Standing strong: Brian Boatman shares inspiring story of living with ALS

Published 2:59 pm Monday, March 27, 2023

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By LIZZIE BOWEN | Staff Writer

PELHAM – Brian Boatman has stood strong after receiving his ALS diagnosis and encourages others daily after remaining rooted in his faith as he walks through the journey of ALS.

On Saturday, March 18 many lined up at Oak Mountain State Park to run a 5K to raise funds as a benefit for Shelby County Board of Education Member Brian Boatman.

Boatman spoke about his physical abilities and activities that he partook in before his official ALS diagnosis. Before the diagnosis, Boatman was an ultra-marathon runner and mountain biker. He spent many years running ultra-marathon trail races around the state, mostly taking part in Oak Mountain State Park.

Boatman was officially diagnosed with ALS in early September of 2022, but he had seen symptoms prior to his diagnosis.

ALS, also known as Gehrig’s Disease is nervous system disease that weakens muscle and impact on physical function.

“Looking back now, I know they are symptoms of ALS,” Boatman said. “At first, it didn’t seem like any other than a minor nuisance. I’m 55 years old, and I started noticing I wasn’t any stronger in the gym when I worked out. I started noticing my right ankle was becoming unstable. I would roll it fairly often, which normally doesn’t happen. When you trail run, you roll your ankles all the time, but I had always had very strong ankles. So, I started noticing a loss of strength.”

Boatman said, he felt the loss of strength was just coming from getting older and at the time, didn’t think it could possibly be ALS.

“In March of 2022, I went to the neurologist for the first time,” Boatman said. “They did some testing. They ruled out Parkinson’s and multiple-sclerosis. During that same time frame, I was busy with my campaign for (the) Shelby County school board.”

Boatman didn’t go through further testing at the time and was continued to symptoms. He noticed problems continuing specifically on the right side of his body.

The primary election occurred in May, and Boatman said it was during this time that when he ran, he began noticing that his right leg would not keep up with his left leg. By summer of last year, Boatman had researched enough to know he would most likely had ALS.

In August, the limp he had been experiencing became so prominent that he was unable to hide it and others began to take notice.

“That’s when my wife was like, ‘You have to do back to the doctor,’’’ Boatman said. “And that’s when I got the diagnosis.”

Boatman received an official diagnosis on September 2, 2022. He said his family and friends were surprised, saddened and devastated to hear the news.

“Just looking at me, even though I was starting to limp, to other people I still looked like I was in great shape,” Boatman said. “For me, I knew this isn’t right, and I could tell I was starting to lose energy. I was losing strength and coordination. It comes with the diseases process. They were very upset, and it took them a couple of months. In many respects, they still are not quite adjusted to it. Because the gravity of the situation is with ALS diagnosis, on average from the time of diagnosis, the survival is usually two to five years.”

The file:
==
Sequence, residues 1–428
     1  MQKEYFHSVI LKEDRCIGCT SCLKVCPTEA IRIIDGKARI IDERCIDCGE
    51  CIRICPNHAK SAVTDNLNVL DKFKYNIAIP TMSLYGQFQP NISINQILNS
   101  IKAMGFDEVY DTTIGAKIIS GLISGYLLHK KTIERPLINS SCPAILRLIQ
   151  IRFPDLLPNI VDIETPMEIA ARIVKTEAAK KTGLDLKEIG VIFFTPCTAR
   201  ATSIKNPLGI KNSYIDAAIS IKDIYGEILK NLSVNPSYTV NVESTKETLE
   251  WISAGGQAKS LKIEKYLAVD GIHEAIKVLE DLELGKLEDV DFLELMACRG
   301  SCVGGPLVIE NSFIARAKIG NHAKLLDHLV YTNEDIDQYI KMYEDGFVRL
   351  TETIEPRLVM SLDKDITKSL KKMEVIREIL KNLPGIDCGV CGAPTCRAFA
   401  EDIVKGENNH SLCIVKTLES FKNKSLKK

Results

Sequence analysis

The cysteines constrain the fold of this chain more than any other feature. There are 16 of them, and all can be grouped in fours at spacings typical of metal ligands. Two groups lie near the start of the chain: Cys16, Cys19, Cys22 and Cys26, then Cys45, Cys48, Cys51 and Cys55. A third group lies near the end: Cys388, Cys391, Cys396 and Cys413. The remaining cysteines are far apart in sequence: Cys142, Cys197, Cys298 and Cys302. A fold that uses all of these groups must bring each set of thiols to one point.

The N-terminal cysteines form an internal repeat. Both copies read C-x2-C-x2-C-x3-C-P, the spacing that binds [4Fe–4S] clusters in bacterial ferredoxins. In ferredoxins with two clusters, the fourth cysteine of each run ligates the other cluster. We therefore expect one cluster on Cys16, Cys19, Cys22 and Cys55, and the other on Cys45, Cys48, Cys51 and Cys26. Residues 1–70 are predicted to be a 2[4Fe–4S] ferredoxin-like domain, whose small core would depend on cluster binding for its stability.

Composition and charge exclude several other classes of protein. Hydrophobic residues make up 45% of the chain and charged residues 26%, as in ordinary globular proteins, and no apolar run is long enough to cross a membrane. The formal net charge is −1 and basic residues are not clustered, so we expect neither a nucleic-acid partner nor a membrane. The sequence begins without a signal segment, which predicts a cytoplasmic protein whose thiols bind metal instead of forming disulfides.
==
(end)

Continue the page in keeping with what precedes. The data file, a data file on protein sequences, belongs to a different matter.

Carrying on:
Boatman said it is different for every person, and there are different forms of ALS. It is difficult to know what the specific time frame ALS is, and there are many variables.

“It is hard to know the time frame we are operating under,” Boatman said. “But, in the grand scheme, it’s not that far out there.”

Boatman said has been in diligent praying, asking God to make movements in his life, but in the end God had a different plan for him. He was advised by a doctor to go on disability after receiving his diagnosis.

“God has a plan and has taken care of me and my family,” Boatman said.

Boatman said between social security disability and the VA disability given to him due to being a veteran, he was able to provide for his family for the time as well as provide insurance.

“We don’t have worries in that respect,” Boatman said. “That is where we stand right now, but I am continuing my duties with the school board and will do that as long as I can. Because I feel God lead me to that for a reason, and He is also provided me with time to take care of my health, and I can dedicate a time that I need to school board activities as well as doing things with my family to create memories as we are moving along in this process.”

Boatman, a veteran, received a scholarship from the Army to attend college after graduating from high school. After college, he attended flight school at Fort Rucker, became a pilot and got stationed in Germany for three years.

“I always loved flying,” Boatman said. “And I really loved flying at night. I just took to it naturally, I had good navigation skills and orientation in the cockpit. I just enjoyed it. Training and teaching new pilots how to do it as well, I always enjoyed that well. Whether it was flying, trail running or mountain biking, I always enjoyed helping other people who are getting started.”

No matter what he is helping others with, it is clear that Boatman has a servant’s heart and a strong desire to lead and guide others.

“One thing I tell a lot of people about this is, I have been blessed by God beyond measure,” Boatman said. “Even though I have ALS, and this was never in my mind that something like this would happen to me, but my faith is strong enough to understand God has a plan. I’m not prideful enough and I am humble enough to realize that I don’t get to decide when or how I leave this life. None of us do. So, I trust that God has it all worked out, and I know that things will be made right. I will be healed whether it is in this life or the next life. I am confident in that, and I am facing this with that sureness.”